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India reiterates that China’s building of a bridge in occupied Ladakh is illegal

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(TibetanReview.net, Feb05’22) – India has reiterated, this time in parliament, on Feb 4 that a bridge being constructed by China across Pangong Lake in eastern Ladakh is located in areas under “illegal occupation”. It followed India’s announcement of a diplomatic boycott of the Beijing Winter Olympics after China made its army officer responsible for the bloody Jun 15-16, 2020 night clash in Ladakh’s Galwan Valley a torch-bearer for the Games.

“The government has taken note of a bridge being constructed by China on Pangong Lake. This bridge is being constructed in areas that have continued to be under the illegal occupation of China since 1962. The Government of India has never accepted this illegal occupation,” indiatoday.in Feb 5 quoted Minister of State for External Affairs V Muraleedharan as saying in parliament.

Asked whether the issue had been raised with China, the minister has said, “The government has made it clear on several occasions that the Union Territories of Jammu & Kashmir and Ladakh are an integral part of India and we expect other countries to respect India’s sovereignty and territorial integrity.”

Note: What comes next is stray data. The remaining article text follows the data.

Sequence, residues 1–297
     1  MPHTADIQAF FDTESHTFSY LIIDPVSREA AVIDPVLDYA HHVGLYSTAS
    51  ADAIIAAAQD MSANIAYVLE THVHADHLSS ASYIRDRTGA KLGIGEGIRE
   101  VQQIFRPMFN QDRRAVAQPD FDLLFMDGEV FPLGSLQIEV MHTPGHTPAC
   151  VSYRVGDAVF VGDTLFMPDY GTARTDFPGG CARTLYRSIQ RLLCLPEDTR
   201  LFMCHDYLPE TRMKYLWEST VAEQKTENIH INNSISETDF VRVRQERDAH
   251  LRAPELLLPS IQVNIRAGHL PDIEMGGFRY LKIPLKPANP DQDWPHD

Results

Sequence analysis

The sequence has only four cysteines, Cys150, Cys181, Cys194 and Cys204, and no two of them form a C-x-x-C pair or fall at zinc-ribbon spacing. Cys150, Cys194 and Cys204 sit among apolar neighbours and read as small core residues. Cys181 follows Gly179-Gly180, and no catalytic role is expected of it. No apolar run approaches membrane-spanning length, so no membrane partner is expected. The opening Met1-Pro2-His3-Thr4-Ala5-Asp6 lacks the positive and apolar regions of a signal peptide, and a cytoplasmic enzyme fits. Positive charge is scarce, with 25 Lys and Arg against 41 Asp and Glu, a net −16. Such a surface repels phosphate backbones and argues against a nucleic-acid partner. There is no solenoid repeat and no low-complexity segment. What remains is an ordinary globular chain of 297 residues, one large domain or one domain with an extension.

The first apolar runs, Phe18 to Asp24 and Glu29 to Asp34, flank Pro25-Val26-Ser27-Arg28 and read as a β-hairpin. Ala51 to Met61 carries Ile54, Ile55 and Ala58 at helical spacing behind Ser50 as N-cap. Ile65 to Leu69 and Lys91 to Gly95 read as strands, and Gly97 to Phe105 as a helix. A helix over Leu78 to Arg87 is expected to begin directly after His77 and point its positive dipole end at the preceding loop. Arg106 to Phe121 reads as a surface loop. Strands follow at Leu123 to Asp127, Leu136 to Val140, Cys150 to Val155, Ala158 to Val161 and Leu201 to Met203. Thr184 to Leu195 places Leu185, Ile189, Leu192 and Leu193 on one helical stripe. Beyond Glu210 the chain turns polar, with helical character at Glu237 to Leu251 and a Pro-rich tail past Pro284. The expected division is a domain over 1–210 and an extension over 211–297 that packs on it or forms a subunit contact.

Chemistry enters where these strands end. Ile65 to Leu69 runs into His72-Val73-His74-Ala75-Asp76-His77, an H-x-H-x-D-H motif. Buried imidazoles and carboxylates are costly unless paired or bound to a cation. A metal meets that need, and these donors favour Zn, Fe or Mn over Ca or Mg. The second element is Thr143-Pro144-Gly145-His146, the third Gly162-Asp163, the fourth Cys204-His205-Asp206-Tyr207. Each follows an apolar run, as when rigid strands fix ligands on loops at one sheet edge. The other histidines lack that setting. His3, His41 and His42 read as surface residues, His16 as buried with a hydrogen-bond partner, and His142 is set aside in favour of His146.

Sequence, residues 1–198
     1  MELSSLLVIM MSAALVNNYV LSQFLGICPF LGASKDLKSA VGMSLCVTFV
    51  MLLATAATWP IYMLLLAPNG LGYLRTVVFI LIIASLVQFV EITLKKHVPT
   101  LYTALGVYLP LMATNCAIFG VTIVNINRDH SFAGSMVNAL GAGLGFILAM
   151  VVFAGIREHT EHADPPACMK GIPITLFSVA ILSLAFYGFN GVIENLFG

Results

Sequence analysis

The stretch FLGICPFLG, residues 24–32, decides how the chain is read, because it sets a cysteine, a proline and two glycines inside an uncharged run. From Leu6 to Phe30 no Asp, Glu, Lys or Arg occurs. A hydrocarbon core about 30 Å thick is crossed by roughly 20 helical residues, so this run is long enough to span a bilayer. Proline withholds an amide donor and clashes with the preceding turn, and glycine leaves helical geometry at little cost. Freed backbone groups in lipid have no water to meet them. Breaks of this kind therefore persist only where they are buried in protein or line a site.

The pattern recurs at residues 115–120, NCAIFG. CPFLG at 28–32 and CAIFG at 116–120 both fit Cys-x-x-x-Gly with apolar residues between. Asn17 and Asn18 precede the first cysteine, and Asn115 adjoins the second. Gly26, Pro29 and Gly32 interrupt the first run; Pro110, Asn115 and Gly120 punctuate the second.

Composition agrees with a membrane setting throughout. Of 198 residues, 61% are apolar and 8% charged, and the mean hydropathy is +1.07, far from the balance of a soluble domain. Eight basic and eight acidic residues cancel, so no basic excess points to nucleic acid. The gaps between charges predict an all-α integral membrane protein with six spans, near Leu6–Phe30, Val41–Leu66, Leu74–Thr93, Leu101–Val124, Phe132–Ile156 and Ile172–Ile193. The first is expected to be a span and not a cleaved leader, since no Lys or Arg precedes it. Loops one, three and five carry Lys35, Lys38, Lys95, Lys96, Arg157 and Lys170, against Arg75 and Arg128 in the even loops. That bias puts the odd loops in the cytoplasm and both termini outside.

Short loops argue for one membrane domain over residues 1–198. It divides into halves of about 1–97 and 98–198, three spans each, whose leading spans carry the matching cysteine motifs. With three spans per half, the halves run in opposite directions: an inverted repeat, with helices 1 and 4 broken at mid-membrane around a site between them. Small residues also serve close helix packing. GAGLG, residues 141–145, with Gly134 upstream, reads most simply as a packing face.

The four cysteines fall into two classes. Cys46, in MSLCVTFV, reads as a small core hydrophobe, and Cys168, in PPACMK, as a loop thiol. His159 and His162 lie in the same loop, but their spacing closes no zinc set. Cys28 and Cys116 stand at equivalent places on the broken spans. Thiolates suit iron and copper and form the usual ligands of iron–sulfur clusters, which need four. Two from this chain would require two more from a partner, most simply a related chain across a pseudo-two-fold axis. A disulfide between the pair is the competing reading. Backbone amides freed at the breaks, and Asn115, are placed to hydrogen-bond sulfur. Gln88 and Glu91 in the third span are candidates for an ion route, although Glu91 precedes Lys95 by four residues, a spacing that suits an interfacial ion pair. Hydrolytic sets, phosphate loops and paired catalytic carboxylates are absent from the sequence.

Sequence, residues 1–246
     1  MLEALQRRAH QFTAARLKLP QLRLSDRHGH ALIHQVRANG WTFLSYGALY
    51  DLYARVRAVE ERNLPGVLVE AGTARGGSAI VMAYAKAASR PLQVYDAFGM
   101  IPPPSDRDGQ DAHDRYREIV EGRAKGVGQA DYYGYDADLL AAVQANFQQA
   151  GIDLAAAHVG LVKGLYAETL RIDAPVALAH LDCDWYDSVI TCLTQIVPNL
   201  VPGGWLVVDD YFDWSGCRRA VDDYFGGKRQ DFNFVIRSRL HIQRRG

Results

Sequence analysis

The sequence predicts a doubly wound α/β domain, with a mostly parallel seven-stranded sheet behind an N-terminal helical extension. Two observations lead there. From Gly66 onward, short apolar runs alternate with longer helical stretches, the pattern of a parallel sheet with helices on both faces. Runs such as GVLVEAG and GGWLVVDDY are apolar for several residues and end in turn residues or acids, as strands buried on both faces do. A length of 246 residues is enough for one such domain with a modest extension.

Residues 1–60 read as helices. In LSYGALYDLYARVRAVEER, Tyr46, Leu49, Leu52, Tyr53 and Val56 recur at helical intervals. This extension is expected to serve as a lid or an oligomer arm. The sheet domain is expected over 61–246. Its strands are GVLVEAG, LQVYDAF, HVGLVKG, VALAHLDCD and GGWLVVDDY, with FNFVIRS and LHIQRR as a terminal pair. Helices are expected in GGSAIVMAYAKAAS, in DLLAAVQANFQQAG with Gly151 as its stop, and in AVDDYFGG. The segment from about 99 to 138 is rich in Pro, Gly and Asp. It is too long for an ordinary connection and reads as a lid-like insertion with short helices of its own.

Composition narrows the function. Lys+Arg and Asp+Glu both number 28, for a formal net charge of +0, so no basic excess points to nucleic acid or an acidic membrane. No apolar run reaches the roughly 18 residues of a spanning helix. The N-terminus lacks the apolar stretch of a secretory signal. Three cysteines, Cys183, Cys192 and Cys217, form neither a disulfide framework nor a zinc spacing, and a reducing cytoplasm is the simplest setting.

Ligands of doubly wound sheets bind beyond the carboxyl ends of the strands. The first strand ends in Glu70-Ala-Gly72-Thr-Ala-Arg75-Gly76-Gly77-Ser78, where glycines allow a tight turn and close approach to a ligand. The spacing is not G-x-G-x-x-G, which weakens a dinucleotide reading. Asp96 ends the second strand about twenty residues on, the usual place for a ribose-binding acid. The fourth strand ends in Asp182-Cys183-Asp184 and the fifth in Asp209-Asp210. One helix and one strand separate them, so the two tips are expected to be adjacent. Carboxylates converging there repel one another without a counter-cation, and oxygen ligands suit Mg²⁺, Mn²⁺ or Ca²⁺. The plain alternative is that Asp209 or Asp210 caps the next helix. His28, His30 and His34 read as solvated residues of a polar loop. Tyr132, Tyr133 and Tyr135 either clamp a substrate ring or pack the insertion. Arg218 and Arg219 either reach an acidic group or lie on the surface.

Citing satellite images, the report said that the under-construction bridge, which measures approximately 315 metres long, connects the southern end of the lake to a newly built road in the north.

China continues to be in illegal occupation of approximately 38,000 square km of Indian territory in the Union Territory of Ladakh for the last six decades, the PTI news agency Feb 4 cited the minister as having told Lok Sabha, the Lower House of parliament.

He has also said Pakistan had illegally ceded 5,180 sq km of Indian territory in Shaksgam Valley to China in 1963 from areas illegally occupied by it.

On the continuing eastern Ladakh border standoff, the minister has said India and China had maintained dialogue through both diplomatic and military channels for disengagement in the remaining areas.

“Our approach in these talks has been and will continue to be guided by three key principles, that, (i) both sides should strictly respect and observe the LAC (ii) neither side should attempt to alter the status quo unilaterally; and (iii) all agreements between the two sides must be fully abided by in their entirety,” he has said.

Unfortunately, there is no common perception between the two sides in where the LAC lies since India and China had never been neighbours until the latter occupied and annexed Tibet in the 1950s.

China has continued “taking incremental and tactical actions” to press its claims at the Line of Actual Control (LAC) with India,” the PTI Feb 5 cited the US Defence Department, or the Pentagon, as saying in a report.

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